Dance With a Shadow

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Bloodaxe Books, 1992 - Fiction - 77 pages
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Ratushinskaya, one of the most important poetic voices to emerge from the last years of the USSR, was only twenty-eight when she was sentenced to seven years of hard labor and five of internal exile, accused of anti-Soviet agitation and propaganda. Her crime: writing poetry. She was detained for three years in a "strict regime" labor camp, where she suffered horrendous conditions. But her poems were smuggled out of the camp and published in 1986 in No, I'm Not Afraid, the book that instigated the successful international campaign for her release. This presents fifty-one previously untranslated poems written over the past twenty years. More than twenty of the poems are previously unpublished works written in the labor camp. Despite her ordeal, her poetry remains consistent in its concerns and subject matter: personal faith and the courageous assertion of the human spirit.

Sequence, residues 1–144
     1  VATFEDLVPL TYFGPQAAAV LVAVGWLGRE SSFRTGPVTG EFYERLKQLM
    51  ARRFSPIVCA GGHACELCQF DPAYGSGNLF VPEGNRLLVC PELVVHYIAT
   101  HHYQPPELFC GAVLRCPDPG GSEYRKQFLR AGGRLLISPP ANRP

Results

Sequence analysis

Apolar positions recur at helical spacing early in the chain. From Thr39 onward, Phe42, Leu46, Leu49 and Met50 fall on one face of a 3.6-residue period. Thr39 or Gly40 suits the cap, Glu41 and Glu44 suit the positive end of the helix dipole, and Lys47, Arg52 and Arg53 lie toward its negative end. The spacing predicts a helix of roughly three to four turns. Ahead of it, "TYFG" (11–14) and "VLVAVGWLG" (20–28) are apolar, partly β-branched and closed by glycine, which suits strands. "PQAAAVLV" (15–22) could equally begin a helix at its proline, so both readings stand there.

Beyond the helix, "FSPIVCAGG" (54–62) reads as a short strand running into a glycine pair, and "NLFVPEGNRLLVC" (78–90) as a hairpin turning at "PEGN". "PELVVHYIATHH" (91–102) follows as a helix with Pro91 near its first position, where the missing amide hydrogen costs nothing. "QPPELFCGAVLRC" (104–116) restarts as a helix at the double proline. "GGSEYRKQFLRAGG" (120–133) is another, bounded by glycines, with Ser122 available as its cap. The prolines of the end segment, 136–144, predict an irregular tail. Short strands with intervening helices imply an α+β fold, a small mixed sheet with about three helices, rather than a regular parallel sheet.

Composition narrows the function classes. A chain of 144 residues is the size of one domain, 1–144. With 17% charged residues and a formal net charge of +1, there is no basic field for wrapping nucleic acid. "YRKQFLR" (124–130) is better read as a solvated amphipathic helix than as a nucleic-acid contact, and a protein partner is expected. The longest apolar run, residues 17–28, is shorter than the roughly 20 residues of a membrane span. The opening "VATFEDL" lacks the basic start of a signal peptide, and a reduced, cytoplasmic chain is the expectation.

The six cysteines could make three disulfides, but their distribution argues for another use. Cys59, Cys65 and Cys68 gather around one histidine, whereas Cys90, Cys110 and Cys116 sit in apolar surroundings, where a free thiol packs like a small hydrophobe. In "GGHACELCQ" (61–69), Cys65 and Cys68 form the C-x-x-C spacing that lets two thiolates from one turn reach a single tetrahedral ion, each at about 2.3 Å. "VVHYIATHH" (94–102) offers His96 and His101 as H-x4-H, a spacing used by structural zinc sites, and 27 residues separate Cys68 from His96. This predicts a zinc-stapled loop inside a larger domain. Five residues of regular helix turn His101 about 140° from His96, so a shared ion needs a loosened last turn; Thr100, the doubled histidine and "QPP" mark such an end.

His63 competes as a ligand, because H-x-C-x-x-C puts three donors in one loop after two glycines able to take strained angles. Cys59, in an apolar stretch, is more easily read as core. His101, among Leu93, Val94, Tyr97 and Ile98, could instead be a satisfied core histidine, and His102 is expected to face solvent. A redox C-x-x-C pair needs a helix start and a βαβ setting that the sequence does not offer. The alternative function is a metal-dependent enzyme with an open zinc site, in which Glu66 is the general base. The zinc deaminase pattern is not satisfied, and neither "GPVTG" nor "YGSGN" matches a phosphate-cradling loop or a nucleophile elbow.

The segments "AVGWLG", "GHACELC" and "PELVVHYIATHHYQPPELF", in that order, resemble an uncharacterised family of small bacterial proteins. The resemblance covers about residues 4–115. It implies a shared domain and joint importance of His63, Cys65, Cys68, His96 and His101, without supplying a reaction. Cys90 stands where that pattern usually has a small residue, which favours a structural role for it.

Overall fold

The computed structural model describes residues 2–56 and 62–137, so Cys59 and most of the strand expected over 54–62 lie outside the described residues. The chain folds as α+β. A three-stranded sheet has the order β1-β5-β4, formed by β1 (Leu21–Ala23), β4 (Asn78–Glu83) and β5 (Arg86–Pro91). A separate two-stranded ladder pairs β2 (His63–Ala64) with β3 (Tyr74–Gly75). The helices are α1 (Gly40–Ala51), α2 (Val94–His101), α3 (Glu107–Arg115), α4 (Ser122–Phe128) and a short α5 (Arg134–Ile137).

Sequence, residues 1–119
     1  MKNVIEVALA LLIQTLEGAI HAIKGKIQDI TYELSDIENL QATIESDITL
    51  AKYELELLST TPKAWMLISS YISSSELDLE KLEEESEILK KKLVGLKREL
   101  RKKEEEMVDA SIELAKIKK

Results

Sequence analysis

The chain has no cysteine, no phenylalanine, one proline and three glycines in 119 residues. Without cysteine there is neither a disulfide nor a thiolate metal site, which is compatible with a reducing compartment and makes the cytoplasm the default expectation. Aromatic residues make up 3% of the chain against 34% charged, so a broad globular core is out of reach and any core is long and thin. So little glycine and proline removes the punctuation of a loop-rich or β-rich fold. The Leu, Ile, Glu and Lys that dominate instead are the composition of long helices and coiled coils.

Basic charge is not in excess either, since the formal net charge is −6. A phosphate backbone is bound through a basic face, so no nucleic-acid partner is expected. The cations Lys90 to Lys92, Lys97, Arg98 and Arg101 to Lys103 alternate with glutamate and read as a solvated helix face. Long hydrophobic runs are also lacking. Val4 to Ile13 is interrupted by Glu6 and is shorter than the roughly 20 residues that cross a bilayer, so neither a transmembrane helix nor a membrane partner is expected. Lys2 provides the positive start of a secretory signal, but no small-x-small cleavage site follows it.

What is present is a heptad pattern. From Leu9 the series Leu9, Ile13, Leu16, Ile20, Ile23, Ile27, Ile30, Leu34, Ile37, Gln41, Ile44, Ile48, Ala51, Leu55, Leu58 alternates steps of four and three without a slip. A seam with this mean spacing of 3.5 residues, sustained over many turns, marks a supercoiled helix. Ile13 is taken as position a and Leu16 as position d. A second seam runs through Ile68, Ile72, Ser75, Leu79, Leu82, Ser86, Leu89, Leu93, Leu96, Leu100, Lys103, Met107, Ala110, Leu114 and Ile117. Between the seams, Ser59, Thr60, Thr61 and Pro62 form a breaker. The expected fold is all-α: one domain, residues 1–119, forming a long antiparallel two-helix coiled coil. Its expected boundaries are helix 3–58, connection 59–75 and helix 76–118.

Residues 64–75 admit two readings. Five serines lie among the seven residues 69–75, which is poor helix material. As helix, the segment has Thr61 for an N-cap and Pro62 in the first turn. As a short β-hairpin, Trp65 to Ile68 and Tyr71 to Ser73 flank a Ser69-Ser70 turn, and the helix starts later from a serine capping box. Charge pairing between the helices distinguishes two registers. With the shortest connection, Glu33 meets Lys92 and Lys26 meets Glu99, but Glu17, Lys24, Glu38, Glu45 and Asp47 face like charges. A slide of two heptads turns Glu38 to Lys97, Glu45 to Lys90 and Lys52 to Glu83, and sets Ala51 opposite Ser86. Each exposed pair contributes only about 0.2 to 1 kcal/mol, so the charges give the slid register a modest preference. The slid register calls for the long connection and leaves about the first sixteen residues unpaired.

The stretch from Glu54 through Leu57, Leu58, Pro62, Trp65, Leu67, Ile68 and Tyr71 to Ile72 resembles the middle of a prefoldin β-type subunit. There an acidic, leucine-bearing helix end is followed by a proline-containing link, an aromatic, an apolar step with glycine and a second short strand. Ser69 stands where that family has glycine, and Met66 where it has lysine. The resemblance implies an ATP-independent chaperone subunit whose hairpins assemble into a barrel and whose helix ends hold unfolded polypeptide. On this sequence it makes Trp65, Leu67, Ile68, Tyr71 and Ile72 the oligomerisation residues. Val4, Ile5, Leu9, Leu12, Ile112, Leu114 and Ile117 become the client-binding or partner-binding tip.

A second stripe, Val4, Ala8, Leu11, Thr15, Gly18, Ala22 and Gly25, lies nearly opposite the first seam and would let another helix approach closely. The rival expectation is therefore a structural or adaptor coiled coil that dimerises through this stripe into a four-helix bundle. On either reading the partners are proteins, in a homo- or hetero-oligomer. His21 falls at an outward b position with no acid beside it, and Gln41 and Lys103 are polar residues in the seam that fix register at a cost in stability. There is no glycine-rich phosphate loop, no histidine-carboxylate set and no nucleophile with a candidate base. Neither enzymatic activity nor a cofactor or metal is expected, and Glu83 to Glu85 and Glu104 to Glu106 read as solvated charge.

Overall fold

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Contents

Section 1
13
Section 2
15
Section 3
19
Section 4
26
Section 5
27
Copyright

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About the author (1992)

Born in Odessa, Ratushinskaya received a physics degree at the university, worked as a teacher, and was involved in the human rights movement. In 1980, her request to emigrate from Russia was denied. Two years later, she was arrested for writing and disseminating "anti-Soviet poetry" and was treated very harshly---given a term in a strict-regime camp, to be followed by internal exile. Her brutal camp experiences included solitary confinement, but throughout she continued to write, recording in her poems and diaries the horrors of the Gulag. Ratushinskaya was released in 1986 on the eve of the Reagan-Gorbachev summit in Reykjavik and allowed to go to England, where she now lives.

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